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Re: Why does inclusion of require that is not executed have sideeffects?

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February 25, 2018 03:05
Re: Why does inclusion of require that is not executed have sideeffects?
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On 24 February 2018 at 23:18, Sawyer X <> wrote:
> On 02/23/2018 07:45 PM, Karl Williamson wrote:
>> On 02/23/2018 10:27 AM, Eirik Berg Hanssen wrote:
>>> On Fri, Feb 23, 2018 at 6:06 PM, Dagfinn Ilmari Mannsåker
>>> < <>> wrote:
>>>     demerphq < <>> writes:
>>>     > Why would a require that is not executed have any side effects?
>>> Why is
>>>     > the eval necessary to avoid those side effects? Is this a bug
>>> or have
>>>     > I missed something?
>>>     As haarg pointed out on #p5p, merely compiling a 'require BAREWORD'
>>>     creates the package.  A bit of digging leads to a
>>>     gv_stashpvn(…, GV_ADD|…) call in toke.c, and some more digging
>>> with git
>>>     blame shows that this was added in 5.001, with the following Changes
>>>     entry:
>>>     NETaa13235: require BAREWORD now introduces package name
>>> immediately.
>>>     From: Larry Wall
>>>     Files patched: toke.c
>>>       require BAREWORD now introduces package name immediately.  This
>>>     lets the
>>>       method intuit code work right even though the require hasn't
>>>     actually run
>>>       yet.
>>>     So it's a deliberate desicion by Larry in 1995 to make indirect
>>> method
>>>     syntax work better with require (as opposed to use).
>>>    Nice sleuthing.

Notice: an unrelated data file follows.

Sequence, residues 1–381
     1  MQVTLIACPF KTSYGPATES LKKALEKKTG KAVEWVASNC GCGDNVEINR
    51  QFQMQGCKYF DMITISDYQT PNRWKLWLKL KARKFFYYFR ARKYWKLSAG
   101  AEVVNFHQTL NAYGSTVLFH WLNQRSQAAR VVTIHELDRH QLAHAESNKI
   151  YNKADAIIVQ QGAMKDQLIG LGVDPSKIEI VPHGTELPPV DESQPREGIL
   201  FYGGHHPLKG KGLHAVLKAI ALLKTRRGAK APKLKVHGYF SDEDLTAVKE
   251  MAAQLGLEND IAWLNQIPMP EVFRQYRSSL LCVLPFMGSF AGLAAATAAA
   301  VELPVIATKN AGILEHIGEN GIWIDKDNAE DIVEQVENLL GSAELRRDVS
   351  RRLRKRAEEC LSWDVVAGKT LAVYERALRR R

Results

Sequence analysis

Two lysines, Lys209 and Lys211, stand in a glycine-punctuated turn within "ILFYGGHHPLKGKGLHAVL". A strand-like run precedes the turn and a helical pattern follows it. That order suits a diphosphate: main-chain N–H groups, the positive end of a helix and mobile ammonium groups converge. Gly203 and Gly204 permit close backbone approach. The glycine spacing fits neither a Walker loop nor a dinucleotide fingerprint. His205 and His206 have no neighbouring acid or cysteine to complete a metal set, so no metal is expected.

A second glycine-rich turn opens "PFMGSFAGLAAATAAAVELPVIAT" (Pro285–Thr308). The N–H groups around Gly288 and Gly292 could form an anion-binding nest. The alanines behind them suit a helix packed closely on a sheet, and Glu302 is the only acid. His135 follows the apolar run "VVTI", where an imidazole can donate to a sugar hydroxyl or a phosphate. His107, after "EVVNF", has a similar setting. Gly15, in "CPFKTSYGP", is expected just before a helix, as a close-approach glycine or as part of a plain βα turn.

>>>    Now, I do find myself wondering if C<< perldoc -f require >>
>>> should document this compile time effect?
>>>    I mean, I doubt it could be called an implementation detail likely
>>> to change, but neither do I imagine most programmers would ever need
>>> to know, so ... I dunno, what does the documentation aspire to be?
>>> Eirik
>> Given how much unnecessary work was required to find this now, I think
>> it should be documented.
> +1.

commit af596f2c321249499f853ae4af57570ef48640d9
Author: Yves Orton <>
Date:   Sun Feb 25 04:04:02 2018 +0100

    explain compile time effects of require

    there is a difference between

       require Foo::Bar;


       require "Foo/";

    in that the former will autovivify the Foo::Bar namespace at compile
    time, but the latter will not. Populating the namespace is left to run
    time in both cases.

    This doc adds some details about this to the require entry in perlfunc

diff --git a/pod/perlfunc.pod b/pod/perlfunc.pod
index ce989b0..6b04a0c 100644
--- a/pod/perlfunc.pod
+++ b/pod/perlfunc.pod
@@ -6503,14 +6503,16 @@ statements.
 If EXPR is a bareword, L<C<require>|/require VERSION> assumes a F<.pm>
 extension and replaces C<::> with C</> in the filename for you,
 to make it easy to load standard modules.  This form of loading of
-modules does not risk altering your namespace.
+modules does not risk altering your namespace, however it will autovivify
+the stash for the required module.

 In other words, if you try this:

         require Foo::Bar;     # a splendid bareword

 The require function will actually look for the F<Foo/> file in the
-directories specified in the L<C<@INC>|perlvar/@INC> array.
+directories specified in the L<C<@INC>|perlvar/@INC> array, and it will
+autovivify the C<Foo::Bar::> stash at compile time.

 But if you try this:

@@ -6525,12 +6527,20 @@ will complain about not finding F<Foo::Bar>
there.  In this case you can do:

         eval "require $class";

+or you could do
+        require "Foo/";
+Neither of these forms will autovivify any stashes at compile time and
+only have run time effects.
 Now that you understand how L<C<require>|/require VERSION> looks for
 files with a bareword argument, there is a little extra functionality
 going on behind the scenes.  Before L<C<require>|/require VERSION> looks
 for a F<.pm> extension, it will first look for a similar filename with a
 F<.pmc> extension.  If this file is found, it will be loaded in place of
-any file ending in a F<.pm> extension.
+any file ending in a F<.pm> extension. This applies to both the explicit
+C<require "Foo/";> form and the C<require Foo::Bar;> form.

 You can also insert hooks into the import facility by putting Perl code
 directly into the L<C<@INC>|perlvar/@INC> array.  There are three forms

perl -Mre=debug -e "/just|another|perl|hacker/"

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